Pine State Biscuits
Tread lightly, for you are embarking down a craggy spiral on a journey from which the only return is through the cardiologist’s office. It is 6:59 AM and you are standing out in the damp, brisk air of a Portland morning, breathing into your hands to restore the circulation, a function that will cease after ingesting the artery-clogging behemoth that lies behind the weather-beaten wood and glass door. One of the young employees works the lock, and you can tell by the smile on her face that she is invincible, the rest of her life stretching out before her like the interstate – unless she falls prey to the come-hither of the home-style Frankenstein monster that goes by the seemingly harmless moniker of “The Reggie”. The incandescent lights dangling from ancient fixtures give an eerie glow to the single room in a tiny box, a nondescript structure that may have served as a barber shop in a previous life. There’s a counter hugging the wall and several tables that hint that as the morning progresses they will become communal. You have entered the belly of the beast with a goal to escape triumphant, celebrating your victory over The Reggie with another notch in your belt (and trust me, you’re going to need that extra notch) – you are at the counter at Portland’s Pine State Biscuits.
If you have some level of difficulty finding the words “biscuits” and “Portland” to be a match made in heaven, fret not; Pine State Biscuits is the brick-and-mortar child of Tar Heels Walt Alexander, Brian Snyder, and Kevin Atchley, transplants with white gravy flowing through their veins who took shelter indoors in 2008 after introducing Portlanders to the powdery flour cakes at the Portland Farmers Market. It is highly recommended to arrive early – seating is at a premium and the dining area fills up remarkably fast. The blackboard menu dangles from chains above the counter, a chest-high wall that offers a view of the staff whipping up batches of the day’s biscuits surrounded by massive sacks of Shepherd’s Grain flour like doughboys behind sandbags in the trenches of Bentonville. Like many Portland restaurants, the doors stay open while the morning’s supply starts to dwindle; once the biscuits are gone, so is your opportunity to conquer The Reggie.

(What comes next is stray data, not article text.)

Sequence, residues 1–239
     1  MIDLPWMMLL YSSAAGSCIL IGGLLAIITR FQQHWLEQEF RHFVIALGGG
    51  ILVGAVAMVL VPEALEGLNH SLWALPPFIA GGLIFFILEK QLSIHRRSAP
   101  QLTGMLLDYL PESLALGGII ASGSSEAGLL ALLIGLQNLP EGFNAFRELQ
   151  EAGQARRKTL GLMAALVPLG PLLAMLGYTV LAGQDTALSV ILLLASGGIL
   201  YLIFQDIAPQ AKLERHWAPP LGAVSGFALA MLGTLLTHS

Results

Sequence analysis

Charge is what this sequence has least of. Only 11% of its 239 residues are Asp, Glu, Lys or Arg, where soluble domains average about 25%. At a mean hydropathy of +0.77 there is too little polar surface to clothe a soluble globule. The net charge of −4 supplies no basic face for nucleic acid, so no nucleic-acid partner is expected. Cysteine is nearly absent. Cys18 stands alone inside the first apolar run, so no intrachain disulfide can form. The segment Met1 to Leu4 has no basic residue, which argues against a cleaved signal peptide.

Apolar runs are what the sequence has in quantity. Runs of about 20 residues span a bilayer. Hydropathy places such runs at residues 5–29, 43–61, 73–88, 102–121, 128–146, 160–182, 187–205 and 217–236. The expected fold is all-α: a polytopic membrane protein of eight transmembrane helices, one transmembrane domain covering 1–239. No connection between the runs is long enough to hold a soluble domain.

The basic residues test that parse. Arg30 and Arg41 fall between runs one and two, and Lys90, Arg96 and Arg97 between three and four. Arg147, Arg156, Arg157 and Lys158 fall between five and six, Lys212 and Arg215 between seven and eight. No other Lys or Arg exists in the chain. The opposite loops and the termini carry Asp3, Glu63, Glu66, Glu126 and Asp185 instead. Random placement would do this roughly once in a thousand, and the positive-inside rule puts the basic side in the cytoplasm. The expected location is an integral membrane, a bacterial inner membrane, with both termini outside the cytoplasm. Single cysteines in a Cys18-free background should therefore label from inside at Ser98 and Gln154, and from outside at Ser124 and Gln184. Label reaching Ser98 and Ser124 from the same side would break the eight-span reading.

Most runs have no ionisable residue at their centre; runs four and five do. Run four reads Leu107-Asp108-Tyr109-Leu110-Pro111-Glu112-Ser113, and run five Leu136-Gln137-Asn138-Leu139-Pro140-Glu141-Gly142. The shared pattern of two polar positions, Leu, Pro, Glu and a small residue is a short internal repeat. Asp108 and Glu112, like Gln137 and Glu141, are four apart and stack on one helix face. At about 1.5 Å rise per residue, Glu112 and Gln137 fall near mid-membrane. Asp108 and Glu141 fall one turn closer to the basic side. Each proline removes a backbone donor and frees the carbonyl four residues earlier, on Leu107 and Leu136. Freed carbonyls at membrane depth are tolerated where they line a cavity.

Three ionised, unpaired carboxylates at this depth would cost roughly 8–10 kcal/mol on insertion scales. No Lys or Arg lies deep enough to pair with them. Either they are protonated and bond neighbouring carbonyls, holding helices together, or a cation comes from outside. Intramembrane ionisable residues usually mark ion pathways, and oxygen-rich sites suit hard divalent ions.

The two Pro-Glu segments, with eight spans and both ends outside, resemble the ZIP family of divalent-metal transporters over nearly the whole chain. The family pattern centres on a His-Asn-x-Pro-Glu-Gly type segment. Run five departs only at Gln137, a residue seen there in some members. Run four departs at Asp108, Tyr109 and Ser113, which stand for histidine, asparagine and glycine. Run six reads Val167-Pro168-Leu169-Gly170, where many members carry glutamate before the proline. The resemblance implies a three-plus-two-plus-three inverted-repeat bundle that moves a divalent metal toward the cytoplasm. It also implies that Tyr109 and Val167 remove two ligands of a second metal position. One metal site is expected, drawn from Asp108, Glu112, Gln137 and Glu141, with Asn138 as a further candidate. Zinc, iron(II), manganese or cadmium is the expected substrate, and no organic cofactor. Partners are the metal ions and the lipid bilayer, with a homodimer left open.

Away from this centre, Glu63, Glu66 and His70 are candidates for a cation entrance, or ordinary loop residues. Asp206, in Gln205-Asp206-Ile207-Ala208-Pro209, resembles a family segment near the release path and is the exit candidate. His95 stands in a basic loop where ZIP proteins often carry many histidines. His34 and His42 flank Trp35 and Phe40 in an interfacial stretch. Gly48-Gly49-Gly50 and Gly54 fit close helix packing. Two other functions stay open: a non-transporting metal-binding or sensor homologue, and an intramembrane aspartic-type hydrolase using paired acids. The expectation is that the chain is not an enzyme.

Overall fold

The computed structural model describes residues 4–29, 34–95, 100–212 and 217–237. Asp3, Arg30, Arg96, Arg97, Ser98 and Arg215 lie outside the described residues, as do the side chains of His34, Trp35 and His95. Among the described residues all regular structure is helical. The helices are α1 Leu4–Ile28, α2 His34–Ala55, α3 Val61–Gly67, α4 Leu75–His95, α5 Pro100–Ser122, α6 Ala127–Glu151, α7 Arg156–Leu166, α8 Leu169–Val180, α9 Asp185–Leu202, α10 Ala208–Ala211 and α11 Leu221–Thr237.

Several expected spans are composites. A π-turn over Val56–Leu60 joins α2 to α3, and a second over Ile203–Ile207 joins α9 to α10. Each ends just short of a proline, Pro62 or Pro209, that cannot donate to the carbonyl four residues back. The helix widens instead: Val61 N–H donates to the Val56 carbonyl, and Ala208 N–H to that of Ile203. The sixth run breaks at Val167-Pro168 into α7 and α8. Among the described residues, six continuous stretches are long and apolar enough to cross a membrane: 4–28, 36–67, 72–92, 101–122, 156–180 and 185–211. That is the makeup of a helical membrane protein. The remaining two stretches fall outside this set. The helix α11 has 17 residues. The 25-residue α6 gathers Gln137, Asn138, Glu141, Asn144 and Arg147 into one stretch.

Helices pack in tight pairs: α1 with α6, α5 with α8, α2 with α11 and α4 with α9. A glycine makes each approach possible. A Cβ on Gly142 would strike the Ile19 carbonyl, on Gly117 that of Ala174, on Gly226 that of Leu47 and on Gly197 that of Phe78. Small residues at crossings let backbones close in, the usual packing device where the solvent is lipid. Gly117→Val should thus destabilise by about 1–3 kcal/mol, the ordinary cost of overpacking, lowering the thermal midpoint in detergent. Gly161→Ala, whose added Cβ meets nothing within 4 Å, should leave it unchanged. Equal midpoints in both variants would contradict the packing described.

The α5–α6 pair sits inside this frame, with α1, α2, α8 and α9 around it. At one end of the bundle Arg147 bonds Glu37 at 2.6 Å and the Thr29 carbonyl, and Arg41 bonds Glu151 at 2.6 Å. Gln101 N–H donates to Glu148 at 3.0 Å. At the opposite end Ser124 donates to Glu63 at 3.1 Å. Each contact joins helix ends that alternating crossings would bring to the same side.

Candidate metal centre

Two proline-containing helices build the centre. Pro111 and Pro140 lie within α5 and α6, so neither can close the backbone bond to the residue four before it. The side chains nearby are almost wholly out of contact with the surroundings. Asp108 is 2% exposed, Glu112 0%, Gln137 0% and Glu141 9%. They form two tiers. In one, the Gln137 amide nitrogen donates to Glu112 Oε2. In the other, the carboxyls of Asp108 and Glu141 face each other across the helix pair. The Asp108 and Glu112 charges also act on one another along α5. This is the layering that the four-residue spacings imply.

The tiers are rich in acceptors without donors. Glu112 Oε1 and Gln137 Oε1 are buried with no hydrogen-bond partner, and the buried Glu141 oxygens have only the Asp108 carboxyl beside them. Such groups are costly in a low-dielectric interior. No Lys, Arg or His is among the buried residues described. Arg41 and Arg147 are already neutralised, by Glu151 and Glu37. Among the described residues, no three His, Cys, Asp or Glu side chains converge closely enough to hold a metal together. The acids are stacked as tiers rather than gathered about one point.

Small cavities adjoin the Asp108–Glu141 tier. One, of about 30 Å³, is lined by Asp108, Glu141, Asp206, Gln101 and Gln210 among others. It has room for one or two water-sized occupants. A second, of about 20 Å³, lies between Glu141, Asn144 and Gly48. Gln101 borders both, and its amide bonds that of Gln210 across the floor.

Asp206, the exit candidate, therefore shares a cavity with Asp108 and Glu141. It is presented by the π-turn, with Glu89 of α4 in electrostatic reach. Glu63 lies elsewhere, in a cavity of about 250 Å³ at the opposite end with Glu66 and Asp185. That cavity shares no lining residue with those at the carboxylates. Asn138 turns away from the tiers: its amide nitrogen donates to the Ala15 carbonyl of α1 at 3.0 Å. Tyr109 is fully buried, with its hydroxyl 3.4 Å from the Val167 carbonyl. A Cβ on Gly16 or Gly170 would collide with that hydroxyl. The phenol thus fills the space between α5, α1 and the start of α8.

Pine State Biscuits offers a fleet of biscuit-based dishes, some with cryptic names like the McIsley and the Chatfield, others with formidable titles such as The Moneyball and the Double Down – of course, for the traditionalist there’s the tried and true biscuits and gravy. Deciphering the mind-numbing variety of options can be overwhelming, but your first visit should feature Pine State’s most popular selection, The Reggie. This colossal biscuit sandwich is Pine State’s most popular plate, an imposing biscuit structure that was reduced to rubble in Guy Fieri’s gaping maw on “Diners, Drive-Ins and Dives”. The dish starts with one of the super-sized, flaky and sturdy buttermilk biscuits. The bottom half is blanketed with a spicy slab of fried chicken which is then covered with cheese and strips of crispy bacon before being smothered in white gravy and capped with the top half of the biscuit. This gastronomic Mount St. Helen spews forth floes of hot, spicy magma in a cataclysm of Southern-style ecstasy that demands the use of a knife and fork. If you feel like taking a walk on the wild side, there’s The Reggie Deluxe – the same cholesterolic Biscuit of the Apocalypse accentuated by a fried egg.
The Reggie is big on taste, reaching through your rib cage and kicking the crap out of your heart with a barrage of rich flavors of the South all whistling Dixie on your palate – the thick gravy adds moisture without making the biscuit soggy; the thin filet of fried chicken is light with a thin crust that would make a great standalone dish; the bacon adds flavor and texture while not going hog wild and stealing the chicken’s thunder. One has to wonder about the degree of experimentation that took place before settling on a recipe for the biscuits that makes them the star of the dish, but Pine State Biscuits got it right – like the South, the biscuits are gonna rise again.
NOTE: The location where Val ate (at 3640 SE Belmont Street) has closed; a new Pine State Biscuits will be opening soon on SE Division Street